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GAO Identifies Key Considerations for Medicaid Per Capita Caps

The Government Accountability Office (GAO) has identified key policy and data factors policymakers should consider if they opt to reform the Medicaid program by implementing a per-capita cap.

A per-capita cap would allow the federal government to limit Medicaid spending by allocating a specific amount of funding to states for the Medicaid program, based on the number of Medicaid enrollees in the state.

To determine the funding rate per Medicaid enrollee, the Centers for Medicare & Medicaid Services (CMS) would have to develop an estimate of federal Medicaid spending per enrollee. In a new report, GAO identified the limitations to the available data that would be used to develop these estimates.

To identify an accurate expenditure rate, the data collected by CMS would require complex adjustments to link all federal Medicaid expenditures to enrollees. Additionally, data from nationally representative population surveys would need to be combined with information on expenditures for health care services to accurately determine the appropriate per-enrollee federal spending rate.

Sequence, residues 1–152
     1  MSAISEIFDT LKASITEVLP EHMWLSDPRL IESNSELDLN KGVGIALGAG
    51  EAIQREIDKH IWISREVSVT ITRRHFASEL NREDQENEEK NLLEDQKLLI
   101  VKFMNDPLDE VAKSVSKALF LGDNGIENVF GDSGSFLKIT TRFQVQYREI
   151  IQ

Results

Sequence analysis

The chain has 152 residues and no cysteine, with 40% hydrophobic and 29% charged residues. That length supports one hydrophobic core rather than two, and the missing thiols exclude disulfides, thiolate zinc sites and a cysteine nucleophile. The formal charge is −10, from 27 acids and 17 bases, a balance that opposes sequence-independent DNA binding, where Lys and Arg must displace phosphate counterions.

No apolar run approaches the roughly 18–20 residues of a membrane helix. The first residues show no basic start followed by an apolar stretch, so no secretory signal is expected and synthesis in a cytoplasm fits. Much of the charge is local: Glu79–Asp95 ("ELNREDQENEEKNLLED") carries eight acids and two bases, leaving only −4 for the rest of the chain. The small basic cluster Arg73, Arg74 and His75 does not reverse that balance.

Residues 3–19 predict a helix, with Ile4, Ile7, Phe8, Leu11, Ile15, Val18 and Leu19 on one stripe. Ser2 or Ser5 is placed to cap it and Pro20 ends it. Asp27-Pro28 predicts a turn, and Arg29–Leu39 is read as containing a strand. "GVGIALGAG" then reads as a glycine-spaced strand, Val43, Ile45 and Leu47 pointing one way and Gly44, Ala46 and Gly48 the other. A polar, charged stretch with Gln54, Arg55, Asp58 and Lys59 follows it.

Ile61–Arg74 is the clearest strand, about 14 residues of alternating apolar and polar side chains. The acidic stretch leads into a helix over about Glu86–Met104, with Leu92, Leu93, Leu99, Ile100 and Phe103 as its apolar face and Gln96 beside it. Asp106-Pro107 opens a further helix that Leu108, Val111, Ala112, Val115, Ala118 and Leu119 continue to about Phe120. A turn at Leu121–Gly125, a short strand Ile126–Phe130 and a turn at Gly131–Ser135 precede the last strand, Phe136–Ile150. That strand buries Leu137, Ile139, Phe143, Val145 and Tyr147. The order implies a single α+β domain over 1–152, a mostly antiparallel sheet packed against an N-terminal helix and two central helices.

The report also identifies these key policy-related factors that policymakers should consider:

  • variation in the health care needs of states’ Medicaid populations;
  • geographic cost differences;
  • state fiscal resources;
  • verification of the number and eligibility of enrollees;
  • state flexibility to choose program design features; and
  • implications of Medicaid reform on other federally financed sources of health care and broader health care costs.

Contact Director of Policy Erin O’Malley at or 202.585.0127 with questions.


About the Author

Matt Buechner is the policy and advocacy associate for America's Essential Hospitals.

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